2016 was the year I decided to start foraging beyond my neighborhood. In the past our foraging was limited to plucking lilac from a neighbor’s tree to make the Mother’s Day cocktail. Like many things in life, I was curious but wasn’t sure how to go about it. I started by reading blogs and perusing a few books. After learning that hop shoots are edible, I began foraging two ingredients from my backyard – lilac and hops. Then, serendipity happened. There is a group of people that we get together with every few months for some serious cooking and the May’s proposed dinner menu featured morels. Foraged morels. Collectively, we cut a deal immediately. I would plan and cook a foraged menu after an outing or two during which others in the group would show me the basics of foraging.
On a beautiful May Saturday in the southern part of Minnesota that was untouched by the last glacier, I learned to think like a mushroom – dying elms, wet soil, southern exposure due to the time in the season – and we had some luck. Apparently the right soil temperature is in the mid 50s for peak morel growth.
Then we hiked to another spot with perfect fiddleheads and nettles. Then watercress. The friend who taught me the basics also had a spot for ramps and asparagus that we did not have time to visit together but he brought some along for the forest dinner.
An important part of foraging is letting nature to continue to do its thing, which requires leaving behind at least half of the fiddleheads and ramps that have grown. Trust me though, we picked every morel we found.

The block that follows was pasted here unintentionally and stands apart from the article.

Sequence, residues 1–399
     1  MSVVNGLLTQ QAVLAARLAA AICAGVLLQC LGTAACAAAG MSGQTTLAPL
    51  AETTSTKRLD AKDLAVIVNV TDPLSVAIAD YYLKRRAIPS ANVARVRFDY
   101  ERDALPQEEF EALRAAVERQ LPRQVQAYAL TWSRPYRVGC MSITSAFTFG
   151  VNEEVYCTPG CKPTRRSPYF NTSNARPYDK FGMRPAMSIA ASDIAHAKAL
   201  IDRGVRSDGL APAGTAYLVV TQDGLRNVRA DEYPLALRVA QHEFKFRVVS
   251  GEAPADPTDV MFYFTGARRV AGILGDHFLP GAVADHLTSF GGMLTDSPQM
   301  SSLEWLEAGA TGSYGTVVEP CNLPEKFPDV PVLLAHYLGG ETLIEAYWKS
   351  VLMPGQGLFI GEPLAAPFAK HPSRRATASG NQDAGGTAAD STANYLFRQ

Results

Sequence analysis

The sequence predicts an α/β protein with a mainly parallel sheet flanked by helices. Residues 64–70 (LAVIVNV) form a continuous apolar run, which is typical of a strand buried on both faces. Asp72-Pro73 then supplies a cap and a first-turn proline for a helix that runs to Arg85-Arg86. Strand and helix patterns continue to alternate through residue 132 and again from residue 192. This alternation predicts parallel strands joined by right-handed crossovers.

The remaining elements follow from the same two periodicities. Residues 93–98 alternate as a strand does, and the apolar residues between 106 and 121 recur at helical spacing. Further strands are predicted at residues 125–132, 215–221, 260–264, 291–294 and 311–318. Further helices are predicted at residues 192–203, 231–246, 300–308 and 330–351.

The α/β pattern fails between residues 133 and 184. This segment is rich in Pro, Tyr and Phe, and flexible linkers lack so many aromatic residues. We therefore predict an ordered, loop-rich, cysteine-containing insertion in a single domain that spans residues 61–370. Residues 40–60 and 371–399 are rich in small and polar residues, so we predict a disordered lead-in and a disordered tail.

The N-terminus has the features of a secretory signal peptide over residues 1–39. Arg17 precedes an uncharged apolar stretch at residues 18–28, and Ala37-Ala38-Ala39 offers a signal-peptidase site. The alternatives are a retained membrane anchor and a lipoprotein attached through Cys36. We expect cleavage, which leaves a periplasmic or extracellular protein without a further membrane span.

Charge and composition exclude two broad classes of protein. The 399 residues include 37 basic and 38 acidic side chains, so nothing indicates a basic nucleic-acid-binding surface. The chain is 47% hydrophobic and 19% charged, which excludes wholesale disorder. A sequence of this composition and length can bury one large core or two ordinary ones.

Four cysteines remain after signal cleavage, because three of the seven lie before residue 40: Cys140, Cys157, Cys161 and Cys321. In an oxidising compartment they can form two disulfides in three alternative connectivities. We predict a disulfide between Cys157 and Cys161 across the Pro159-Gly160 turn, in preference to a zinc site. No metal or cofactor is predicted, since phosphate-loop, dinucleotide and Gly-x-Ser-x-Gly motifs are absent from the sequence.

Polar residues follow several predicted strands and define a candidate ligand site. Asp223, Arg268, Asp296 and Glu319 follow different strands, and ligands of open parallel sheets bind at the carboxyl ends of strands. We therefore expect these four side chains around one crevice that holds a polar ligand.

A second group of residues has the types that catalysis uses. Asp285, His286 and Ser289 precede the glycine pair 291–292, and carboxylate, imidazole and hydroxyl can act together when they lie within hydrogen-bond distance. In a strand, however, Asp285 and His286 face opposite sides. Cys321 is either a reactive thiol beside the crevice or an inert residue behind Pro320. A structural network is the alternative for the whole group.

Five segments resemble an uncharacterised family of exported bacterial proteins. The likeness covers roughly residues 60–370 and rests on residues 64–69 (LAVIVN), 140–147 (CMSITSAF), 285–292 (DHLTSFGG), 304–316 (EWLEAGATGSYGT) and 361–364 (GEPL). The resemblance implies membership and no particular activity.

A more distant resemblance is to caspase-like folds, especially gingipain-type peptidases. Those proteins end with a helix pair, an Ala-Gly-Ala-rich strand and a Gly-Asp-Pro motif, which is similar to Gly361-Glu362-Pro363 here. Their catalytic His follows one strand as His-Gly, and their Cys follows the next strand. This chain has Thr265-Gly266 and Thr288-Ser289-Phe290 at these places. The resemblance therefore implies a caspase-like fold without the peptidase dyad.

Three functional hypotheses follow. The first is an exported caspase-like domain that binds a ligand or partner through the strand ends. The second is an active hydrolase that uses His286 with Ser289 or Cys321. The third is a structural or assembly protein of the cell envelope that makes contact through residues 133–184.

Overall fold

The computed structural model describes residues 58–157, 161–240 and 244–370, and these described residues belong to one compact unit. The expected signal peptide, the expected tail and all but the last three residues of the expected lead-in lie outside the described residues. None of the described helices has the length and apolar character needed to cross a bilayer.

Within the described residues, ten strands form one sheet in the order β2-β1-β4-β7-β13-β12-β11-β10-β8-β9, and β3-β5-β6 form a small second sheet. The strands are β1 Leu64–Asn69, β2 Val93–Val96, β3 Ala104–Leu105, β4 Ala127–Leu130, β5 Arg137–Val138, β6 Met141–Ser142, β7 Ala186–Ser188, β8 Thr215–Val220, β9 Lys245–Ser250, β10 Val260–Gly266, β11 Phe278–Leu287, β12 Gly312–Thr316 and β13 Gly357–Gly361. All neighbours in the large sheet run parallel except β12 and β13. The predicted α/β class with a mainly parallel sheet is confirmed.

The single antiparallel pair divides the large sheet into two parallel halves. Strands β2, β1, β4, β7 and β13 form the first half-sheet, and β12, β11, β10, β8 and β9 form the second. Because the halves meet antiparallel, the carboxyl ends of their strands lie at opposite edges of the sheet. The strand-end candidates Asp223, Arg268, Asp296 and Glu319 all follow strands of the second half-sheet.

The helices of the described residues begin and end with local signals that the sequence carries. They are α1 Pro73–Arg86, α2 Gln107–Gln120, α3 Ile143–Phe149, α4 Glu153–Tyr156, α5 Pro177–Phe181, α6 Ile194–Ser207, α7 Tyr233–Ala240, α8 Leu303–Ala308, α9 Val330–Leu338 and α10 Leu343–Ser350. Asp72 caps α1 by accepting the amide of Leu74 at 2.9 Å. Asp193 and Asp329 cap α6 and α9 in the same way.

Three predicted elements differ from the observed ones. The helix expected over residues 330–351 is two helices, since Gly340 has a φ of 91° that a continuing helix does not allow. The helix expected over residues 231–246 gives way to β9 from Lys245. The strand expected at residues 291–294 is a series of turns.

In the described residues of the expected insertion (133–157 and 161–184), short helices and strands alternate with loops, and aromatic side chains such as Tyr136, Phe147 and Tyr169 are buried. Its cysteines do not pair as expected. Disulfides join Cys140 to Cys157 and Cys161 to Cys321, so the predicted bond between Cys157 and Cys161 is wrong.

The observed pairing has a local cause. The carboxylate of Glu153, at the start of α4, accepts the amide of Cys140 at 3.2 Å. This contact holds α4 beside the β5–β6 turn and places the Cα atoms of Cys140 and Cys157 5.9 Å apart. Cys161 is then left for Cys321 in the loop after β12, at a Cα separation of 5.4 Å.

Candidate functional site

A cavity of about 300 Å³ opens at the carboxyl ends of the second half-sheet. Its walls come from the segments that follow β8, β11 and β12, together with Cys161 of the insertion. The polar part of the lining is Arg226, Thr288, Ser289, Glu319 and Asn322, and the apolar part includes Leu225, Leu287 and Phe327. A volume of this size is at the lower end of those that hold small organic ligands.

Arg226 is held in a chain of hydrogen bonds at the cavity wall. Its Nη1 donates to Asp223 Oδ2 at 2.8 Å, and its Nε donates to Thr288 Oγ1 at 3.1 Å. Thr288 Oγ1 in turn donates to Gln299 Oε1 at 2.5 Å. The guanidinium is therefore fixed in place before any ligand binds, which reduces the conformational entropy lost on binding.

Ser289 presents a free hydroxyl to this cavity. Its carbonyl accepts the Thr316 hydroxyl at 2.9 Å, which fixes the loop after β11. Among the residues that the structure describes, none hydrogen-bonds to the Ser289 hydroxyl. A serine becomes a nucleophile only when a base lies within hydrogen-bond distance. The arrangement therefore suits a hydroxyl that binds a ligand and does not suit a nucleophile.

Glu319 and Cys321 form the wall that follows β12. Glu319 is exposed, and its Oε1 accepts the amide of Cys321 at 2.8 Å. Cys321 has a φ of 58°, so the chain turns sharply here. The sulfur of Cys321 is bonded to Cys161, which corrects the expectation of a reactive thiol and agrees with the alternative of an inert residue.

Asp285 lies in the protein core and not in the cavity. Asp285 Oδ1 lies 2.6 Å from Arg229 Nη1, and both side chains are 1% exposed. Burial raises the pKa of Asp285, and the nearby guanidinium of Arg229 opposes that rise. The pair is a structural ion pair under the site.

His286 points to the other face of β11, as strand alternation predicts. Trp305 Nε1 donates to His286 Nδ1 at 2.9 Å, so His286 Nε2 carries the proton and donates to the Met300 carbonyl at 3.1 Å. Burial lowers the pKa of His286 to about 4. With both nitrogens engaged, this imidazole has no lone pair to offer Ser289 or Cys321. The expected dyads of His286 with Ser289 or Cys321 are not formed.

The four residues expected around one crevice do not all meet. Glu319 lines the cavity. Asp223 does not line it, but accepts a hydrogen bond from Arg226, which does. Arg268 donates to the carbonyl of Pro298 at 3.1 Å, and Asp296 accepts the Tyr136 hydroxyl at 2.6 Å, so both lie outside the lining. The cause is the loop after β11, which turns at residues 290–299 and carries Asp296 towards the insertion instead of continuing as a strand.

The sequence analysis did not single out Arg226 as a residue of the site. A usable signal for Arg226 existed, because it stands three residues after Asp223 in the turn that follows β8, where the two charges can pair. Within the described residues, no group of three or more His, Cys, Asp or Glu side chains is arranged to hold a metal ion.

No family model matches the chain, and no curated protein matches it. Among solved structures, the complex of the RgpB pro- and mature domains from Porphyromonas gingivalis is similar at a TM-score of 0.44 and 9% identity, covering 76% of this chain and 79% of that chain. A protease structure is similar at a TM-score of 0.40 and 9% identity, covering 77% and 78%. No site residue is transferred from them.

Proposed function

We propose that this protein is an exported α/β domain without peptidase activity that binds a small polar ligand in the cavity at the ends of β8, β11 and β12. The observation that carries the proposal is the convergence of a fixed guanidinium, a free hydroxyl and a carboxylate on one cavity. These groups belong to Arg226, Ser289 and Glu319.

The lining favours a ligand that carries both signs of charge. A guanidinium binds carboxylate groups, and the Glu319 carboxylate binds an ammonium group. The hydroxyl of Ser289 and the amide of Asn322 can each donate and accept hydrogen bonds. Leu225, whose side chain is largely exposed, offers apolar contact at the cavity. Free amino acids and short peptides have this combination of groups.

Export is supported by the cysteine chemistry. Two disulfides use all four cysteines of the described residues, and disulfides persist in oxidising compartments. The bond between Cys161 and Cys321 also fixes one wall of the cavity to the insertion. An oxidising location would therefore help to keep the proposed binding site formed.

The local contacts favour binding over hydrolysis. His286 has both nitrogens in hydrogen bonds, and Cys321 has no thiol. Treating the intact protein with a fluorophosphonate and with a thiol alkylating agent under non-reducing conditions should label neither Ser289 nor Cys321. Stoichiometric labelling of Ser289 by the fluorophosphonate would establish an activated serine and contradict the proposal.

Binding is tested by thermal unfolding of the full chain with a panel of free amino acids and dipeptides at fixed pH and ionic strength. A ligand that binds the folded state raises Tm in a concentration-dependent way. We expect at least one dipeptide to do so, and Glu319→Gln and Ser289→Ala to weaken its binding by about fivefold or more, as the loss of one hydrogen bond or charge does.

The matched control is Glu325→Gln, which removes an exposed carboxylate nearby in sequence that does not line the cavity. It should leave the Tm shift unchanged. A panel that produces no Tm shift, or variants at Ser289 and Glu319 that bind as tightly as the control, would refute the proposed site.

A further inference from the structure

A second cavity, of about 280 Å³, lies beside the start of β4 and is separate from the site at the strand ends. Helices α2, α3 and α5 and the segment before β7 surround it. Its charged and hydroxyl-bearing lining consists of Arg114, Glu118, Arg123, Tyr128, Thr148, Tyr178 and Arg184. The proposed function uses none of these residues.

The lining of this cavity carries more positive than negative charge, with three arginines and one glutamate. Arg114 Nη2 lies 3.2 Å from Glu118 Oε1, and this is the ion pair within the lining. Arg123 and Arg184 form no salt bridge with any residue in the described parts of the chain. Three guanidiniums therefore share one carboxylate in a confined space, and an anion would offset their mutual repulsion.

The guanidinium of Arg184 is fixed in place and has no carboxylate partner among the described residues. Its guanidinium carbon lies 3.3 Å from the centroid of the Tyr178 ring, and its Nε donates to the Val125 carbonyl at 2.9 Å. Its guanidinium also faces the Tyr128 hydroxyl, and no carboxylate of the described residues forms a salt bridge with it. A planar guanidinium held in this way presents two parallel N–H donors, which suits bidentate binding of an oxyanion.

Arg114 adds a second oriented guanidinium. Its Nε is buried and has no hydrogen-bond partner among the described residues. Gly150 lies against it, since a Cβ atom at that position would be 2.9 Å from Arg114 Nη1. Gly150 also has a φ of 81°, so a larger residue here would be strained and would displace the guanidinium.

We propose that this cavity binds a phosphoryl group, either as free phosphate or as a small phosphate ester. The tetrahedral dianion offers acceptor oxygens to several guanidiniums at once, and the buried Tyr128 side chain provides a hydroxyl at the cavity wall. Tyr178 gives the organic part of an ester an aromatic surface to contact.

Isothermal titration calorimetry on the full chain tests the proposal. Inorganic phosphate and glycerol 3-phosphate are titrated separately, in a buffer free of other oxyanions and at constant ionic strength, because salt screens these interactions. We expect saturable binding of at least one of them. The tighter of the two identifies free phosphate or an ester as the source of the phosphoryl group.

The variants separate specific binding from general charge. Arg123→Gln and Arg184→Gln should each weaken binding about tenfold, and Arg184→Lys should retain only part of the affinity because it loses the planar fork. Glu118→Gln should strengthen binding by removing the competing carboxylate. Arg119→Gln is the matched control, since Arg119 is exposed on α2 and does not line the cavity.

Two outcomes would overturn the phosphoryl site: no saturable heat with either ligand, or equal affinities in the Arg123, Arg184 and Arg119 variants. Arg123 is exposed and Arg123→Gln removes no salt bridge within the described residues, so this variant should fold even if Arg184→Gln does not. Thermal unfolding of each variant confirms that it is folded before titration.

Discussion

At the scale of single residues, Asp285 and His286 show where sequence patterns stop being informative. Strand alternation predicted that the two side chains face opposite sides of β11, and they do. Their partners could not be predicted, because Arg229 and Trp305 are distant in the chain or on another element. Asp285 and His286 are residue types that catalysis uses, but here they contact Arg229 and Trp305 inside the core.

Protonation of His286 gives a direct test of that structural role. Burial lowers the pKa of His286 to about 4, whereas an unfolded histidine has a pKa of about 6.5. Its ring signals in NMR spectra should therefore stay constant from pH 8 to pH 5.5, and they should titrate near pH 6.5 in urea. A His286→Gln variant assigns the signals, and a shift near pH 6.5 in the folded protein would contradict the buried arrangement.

I have been duck hunting a few times and the part of the experience I like the most is being in quiet, beautiful places while looking for the perfect perch. This is often interrupted by loud booms, especially given my aim. So foraging is even better because the forest is inherently quiet.
How did the menu end up?
We started with a watercress salad that was garnished with hop shoots from our garden and 12 year Hook’s cheddar. I tried pickling some of the hop shoots and really preferred them fresh. I prepared a buttermilk-based dressing with a balanced Italian olive oil and the watercress leaves that didn’t make the cut for the salad.
First I thought about a pasta with a simple and buttery white wine sauce. Would this overpower the morels? A chef friend recommended soft scrambled duck eggs to provide a creamy but non-competitive base for all of our goodies. After consulting the group, we settled on a toned down pasta. I thought about a number of options and landed on a modification of one of my favorite dishes of 2015, mushroom risotto. But I didn’t want to overpower the morels as a part of the risotto. So, instead of a mushroom risotto I decided to do a ramp risotto as the base of the main dish. The bulbs went into the risotto during the cooking process (supplemented with shallots) and then the leaves were chopped and folded in just prior to serving along with the cheese a little butter and a few nettles.
I washed the morels and cleaned the fiddleheads of their papery coating. Next, I cooked both simply in Hope Creamery butter in my grandmother’s cast iron pan (one of my favorite possessions). No garlic, just salt and pepper. I was very careful to make sure that the fiddleheads were al dente for serving and that the morels were still a little firm. Then I briefly cooked the wild asparagus in the butter that had been used for the morels.
The fiddleheads, morels and wild asparagus went on top of the ramp risotto. Given the theme of the dinner was eating from the forest, most of us complemented the meal with a piece of rare venison.
One of our guests brought homemade rhubarb ice cream, and sugar cookies from Patisserie 46, which was the perfect complement to the meal.
We paired a 2012 Hartford Court Seascape Vineyard Pinot Noir with the main course. It was an incredible wine, and had enough body to be beautiful and thought provoking while not overpowering the tastes of the forest.
We also had a few sours from the upcoming Oakhold Farmhouse Brewery. These are something special and worth watching out for as they come on to the market. In the meantime, the talented brewers are collaborating with Fair State on a few beers.